Aside from the dramatic views back to the rift valley lakes near Arbaminch, Chencha is of interest to travelers as the home of the Dorze people, renowned cotton weavers whose tall beehive-shaped dwellings are among the most distinctive traditional structures to be seen anywhere in Africa. The Dorze speak an Omotic tongue, similar to several languages of the Lower Omo Valley. It is, above all, the unique Dorze houses that make Chencha worth a diversion. These remarkable extended domes measure up to 6m tall (roughly the height of a two-storey building), and are constructed entirely from organic material.
The Dorze are a relatively small group close to Arba Minch, mostly known for their construction capacity. They have, for 100s of years apparently, built fabulously tall houses, from a bamboo frame woven together with grass and banana leaves. Very attractive structures, all the more so because they do not require a central supporting pole inside, and can simply be picked up and put down somewhere else, should the family move, or should the termites eat too much of the bottom of the structure in one particular place.
All this makes the Dorze people, who live in the villages of Chencha and Dorze, a tourist attraction, and thanks to Dutch development aid, the village has established a smooth tourist reception and management system, centered around the local tourist guide association. In short, one is being dropped at one of the houses, taken outside and inside, shown a weaver (the community is famous for weaving, too), shown how they make food, and then guided towards the tourist shop where they sell the weavings, whilst you wait for the local food to be served – a kind of pancake with honey. Smooth tourist management, but every sense of authenticity is well and truly gone, of course. Still, the houses are impressive.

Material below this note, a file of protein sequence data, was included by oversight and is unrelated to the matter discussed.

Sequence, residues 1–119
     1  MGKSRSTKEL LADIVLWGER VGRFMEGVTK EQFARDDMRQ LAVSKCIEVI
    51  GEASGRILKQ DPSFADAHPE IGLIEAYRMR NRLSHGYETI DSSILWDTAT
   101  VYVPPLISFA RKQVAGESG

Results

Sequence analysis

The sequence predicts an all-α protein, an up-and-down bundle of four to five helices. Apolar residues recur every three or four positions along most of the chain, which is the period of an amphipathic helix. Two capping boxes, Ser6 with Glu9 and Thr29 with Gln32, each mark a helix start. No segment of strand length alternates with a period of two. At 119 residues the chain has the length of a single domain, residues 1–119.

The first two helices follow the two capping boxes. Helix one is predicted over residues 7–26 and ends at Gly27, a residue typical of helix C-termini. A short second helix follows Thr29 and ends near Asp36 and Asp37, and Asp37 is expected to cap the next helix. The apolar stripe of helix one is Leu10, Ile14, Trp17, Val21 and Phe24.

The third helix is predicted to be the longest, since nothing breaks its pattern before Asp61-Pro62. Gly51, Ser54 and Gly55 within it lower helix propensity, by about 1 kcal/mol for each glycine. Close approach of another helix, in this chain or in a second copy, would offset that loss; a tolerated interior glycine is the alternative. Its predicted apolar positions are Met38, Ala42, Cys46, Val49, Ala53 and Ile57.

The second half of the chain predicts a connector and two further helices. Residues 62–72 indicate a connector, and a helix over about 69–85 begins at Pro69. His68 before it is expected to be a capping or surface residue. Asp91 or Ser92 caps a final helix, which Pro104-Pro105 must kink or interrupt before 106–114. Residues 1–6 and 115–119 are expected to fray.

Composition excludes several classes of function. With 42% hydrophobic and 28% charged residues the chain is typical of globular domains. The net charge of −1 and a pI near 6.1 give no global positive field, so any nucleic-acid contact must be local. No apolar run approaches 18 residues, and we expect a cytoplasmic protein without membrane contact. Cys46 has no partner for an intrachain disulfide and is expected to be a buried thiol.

What also makes Dorze attractive is its altitude, at 2900 m well over twice as high as nearby Arba Minch. The steep ascent provides not only nice views over the mountain slopes and the lake below, but it also crosses some real forest, with real trees, unheard of almost everywhere else in Ethiopia. Of course, they don’t need wood for their houses here….
Although the Dorze are not part of the South Omo Valley tribes, visiting them is not much different; more on those tribes, as well as my view on this circus, can be accessed through the Ethnic Minorities entry.